WASHINGTON (Reuters) - U.S. Democratic Senator Elizabeth Warren on Friday pressed regulators on how they plan to preserve competition in the banking sector if Congress passes a bill that is expected to lead to consolidation among mid-sized lenders.
In a letter sent to Federal Reserve Chairman Jerome Powell and Attorney General Jeff Sessions, Warren raised fears a bill easing rules introduced after the 2008 global financial will free up large regional banks to merge, potentially reducing competition.
“Large regional banks compete with community banks for customers hoping to open checking accounts and small businesses looking for a loan to expand,” the Massachusetts lawmaker wrote.
“I’m concerned about the negative impact of increased consolidation ... on community banks and on customers who benefit from more competition for their business.”
The Fed and the DOJ share responsibility for reviewing the competitive effects of bank mergers and acquisitions. Spokespeople for both agencies declined to comment.
On March 14, 2018, the Senate passed a bill which would reduce federal oversight of banks with between $50 billion and $250 billion in assets, making it much more attractive for many banks to merge or acquire new assets.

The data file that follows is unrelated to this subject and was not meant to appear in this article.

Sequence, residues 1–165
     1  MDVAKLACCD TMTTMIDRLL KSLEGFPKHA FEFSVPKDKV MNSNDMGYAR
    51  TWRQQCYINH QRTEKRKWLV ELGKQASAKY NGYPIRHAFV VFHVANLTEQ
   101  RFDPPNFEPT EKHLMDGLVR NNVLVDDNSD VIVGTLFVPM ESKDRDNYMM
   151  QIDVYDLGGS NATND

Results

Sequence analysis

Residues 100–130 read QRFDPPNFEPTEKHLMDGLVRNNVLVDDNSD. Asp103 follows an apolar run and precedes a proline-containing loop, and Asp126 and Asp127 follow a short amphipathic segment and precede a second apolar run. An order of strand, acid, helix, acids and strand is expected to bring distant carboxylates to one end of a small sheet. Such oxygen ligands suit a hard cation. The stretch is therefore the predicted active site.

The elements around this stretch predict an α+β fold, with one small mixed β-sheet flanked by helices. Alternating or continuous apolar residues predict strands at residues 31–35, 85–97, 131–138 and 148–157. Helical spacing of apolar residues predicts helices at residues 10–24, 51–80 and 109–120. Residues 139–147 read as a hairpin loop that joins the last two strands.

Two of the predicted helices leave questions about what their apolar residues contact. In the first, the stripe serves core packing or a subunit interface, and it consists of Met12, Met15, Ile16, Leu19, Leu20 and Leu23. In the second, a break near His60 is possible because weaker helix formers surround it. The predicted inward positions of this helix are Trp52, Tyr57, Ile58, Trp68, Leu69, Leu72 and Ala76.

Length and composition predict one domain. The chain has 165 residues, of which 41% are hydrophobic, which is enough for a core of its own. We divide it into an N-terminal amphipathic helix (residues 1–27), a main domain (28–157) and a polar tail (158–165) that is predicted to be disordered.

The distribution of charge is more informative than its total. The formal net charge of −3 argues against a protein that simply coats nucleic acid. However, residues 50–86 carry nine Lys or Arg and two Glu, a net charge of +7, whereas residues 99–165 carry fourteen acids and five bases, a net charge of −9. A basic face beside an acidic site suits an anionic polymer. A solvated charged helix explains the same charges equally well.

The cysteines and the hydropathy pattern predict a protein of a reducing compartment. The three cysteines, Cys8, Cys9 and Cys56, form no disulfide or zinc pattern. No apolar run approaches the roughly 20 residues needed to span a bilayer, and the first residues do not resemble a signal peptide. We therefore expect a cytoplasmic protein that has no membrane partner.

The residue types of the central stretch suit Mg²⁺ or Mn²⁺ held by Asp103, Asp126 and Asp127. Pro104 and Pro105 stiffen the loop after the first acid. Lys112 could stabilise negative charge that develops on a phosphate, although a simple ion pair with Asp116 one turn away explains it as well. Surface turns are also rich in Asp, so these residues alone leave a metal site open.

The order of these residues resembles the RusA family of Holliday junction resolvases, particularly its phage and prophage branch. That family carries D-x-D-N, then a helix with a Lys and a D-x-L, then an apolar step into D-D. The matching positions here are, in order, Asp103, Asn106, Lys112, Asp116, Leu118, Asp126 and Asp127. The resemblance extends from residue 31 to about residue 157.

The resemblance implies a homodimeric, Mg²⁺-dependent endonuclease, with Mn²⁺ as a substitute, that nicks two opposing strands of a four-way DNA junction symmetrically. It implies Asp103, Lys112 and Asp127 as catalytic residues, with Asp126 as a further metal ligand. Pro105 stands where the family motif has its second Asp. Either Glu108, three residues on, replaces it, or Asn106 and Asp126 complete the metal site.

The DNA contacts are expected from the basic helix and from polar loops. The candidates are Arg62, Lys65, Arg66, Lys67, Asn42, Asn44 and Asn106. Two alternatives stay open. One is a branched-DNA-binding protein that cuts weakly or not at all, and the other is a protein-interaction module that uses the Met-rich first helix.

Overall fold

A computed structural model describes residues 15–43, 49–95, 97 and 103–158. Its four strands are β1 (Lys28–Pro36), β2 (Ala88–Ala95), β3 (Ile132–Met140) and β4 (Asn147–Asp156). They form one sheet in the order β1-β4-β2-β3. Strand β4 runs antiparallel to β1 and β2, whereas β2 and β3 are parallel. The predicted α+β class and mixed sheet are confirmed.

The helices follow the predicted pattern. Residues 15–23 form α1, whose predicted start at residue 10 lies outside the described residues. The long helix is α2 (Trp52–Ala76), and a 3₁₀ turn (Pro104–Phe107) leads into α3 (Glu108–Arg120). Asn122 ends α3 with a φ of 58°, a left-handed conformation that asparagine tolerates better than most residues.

Reuters reported in February that deal bankers and bank executives expected to see deal-making in the mid-size bank sector pick-up as a result of the new legislation.
Citing the Reuters and other reports, Warren asked Powell and Sessions for a range of information on how they have historically reviewed bank mergers and asked if this approach has proved sufficient.
Republicans and 13 Senate Democrats who originally backed the bill say it will help promote economic growth by reducing the regulatory burden for community lenders.
However, Warren, along with other Democrats and some former bank regulators, has vigorously opposed the bill, saying it will increase systemic risk by weakening capital standards for big banks and undermines consumer and civil rights protections.
Analysts expect the bill, which has yet to be passed by the House of Representatives, to become law in coming months.
Reporting by Michelle Price; Editing by Susan Thomas